|‘Good Friday Catholics’ – Mar 10|
By Vernon Khelawan
Remember the term “Good Friday Catholics”? It applied mainly to those Catholics in our country who only attended the Lenten retreats and Good Friday services. It was the be all and end all of their annual worship, except maybe for baptisms, weddings or funerals.
Since the term applied mainly to men, you were sure to see them in their black suits, either laundered or sunned, and their crisply starched white shirts participating in the Stations of the Cross under a broiling sun. A better example of Catholic culture and identity, as it applied to Trinidad and Tobago, you could not have seen.
Today, the Good Friday black suit is out. The attire is much less formal, but the prayerfulness and enthusiasm for the devotions have, to a large extent, remained intact.
And while the Good Friday Stations of the Cross have taken on a much higher profile in recent times, mainly because of the re-enactment of Christ’s journey to Calvary in various parishes, these are mostly done in the cool of early morning.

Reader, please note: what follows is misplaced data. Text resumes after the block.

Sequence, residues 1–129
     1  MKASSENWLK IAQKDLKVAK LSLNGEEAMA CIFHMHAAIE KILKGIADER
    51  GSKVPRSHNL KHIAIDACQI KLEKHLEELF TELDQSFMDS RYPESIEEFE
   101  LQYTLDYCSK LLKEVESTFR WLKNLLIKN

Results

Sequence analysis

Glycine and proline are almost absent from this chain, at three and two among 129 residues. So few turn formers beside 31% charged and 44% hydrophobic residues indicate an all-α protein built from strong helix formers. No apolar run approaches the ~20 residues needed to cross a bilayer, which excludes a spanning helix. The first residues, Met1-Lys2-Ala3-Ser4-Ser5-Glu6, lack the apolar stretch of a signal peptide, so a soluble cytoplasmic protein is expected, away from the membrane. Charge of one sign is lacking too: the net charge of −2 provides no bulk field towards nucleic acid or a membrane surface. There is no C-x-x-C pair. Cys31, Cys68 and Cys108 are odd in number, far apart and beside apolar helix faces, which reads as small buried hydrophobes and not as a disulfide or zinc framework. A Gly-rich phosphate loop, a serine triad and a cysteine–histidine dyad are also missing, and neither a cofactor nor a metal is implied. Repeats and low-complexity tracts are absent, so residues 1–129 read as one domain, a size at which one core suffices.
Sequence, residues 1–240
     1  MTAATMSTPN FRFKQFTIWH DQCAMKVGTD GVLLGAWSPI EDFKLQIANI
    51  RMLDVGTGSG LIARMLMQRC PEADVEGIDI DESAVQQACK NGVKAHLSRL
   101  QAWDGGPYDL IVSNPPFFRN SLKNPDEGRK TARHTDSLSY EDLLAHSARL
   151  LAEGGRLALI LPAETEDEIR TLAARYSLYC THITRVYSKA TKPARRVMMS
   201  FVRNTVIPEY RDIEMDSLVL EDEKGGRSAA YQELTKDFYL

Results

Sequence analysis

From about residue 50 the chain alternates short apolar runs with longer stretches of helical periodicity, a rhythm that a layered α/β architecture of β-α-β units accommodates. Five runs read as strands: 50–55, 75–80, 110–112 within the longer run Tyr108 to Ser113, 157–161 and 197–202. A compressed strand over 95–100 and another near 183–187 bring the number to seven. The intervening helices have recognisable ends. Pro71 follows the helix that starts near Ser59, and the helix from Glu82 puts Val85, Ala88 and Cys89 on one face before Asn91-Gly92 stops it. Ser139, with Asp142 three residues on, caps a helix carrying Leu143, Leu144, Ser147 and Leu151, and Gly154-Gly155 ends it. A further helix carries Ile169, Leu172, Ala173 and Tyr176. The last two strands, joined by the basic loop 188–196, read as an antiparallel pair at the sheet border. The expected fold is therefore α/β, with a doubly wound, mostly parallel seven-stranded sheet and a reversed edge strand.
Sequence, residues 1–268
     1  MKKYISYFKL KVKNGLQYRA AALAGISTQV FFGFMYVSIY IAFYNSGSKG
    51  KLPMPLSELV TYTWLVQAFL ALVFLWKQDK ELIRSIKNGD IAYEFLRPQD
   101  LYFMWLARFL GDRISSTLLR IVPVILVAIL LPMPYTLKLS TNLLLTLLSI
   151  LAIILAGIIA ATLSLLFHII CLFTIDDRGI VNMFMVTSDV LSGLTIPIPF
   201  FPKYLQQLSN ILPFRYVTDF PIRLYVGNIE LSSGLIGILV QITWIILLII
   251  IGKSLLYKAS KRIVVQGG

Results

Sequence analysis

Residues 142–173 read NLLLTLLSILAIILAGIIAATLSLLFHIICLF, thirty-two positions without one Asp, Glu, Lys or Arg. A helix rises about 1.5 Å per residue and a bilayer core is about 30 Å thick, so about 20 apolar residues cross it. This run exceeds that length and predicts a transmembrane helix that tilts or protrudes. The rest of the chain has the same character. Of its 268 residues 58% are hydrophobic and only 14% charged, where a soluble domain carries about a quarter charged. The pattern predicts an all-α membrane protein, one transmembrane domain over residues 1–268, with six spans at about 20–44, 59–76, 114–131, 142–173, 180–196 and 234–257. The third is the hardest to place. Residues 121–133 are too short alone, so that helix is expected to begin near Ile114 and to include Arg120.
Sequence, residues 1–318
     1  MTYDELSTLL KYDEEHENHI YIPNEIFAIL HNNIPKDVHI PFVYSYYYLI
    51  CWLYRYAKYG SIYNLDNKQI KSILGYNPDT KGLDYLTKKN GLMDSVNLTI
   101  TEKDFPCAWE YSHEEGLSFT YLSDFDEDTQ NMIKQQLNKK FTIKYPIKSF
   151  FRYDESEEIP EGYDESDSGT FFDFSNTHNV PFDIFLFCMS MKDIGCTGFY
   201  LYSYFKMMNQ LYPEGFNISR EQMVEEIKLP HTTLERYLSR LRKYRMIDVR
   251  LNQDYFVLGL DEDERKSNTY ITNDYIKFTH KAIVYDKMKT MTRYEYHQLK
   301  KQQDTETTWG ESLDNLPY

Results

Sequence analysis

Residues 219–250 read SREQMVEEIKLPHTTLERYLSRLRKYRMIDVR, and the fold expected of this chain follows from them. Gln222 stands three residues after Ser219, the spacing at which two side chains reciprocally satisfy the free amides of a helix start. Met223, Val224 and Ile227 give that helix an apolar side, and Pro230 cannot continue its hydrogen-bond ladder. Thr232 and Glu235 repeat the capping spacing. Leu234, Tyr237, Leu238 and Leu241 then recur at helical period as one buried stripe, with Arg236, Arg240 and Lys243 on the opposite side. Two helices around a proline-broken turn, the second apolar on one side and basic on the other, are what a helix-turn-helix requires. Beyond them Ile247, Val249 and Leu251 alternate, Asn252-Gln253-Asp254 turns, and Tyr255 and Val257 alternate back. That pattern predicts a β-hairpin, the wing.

Throughout the history of the Church, the Stations of the Cross have been a most significant practice for the Lenten season. While Lenten observances mean different things to different people – self-denial, greater attention to prayer and meditation – the single most popular act of repentance has always been a fervent participation in the Stations of the Cross.
There was a time when every Friday evening in Lent hundreds would attend the “Stations” in their parish churches, mainly because it was recognised as a Catholic Lenten exercise that allowed one to appreciate more deeply the sufferings of Jesus Christ.
However, a school of thought which has persisted over time is that many people believe Lent is the opportunity to go overboard with things penitential because that means they will get closer to God. But our God is not of that ilk.
Sr Bridget Haase OSU made this abundantly clear when she wrote, “During the season of Lent, God is not asking the extraordinary or even what is beyond us. We are called to simply ‘repent and believe’ by seeking forgiveness of our sins, by remembering the cleansing waters of our baptism and by trusting that God will restore our spiritual health. So why not do it?”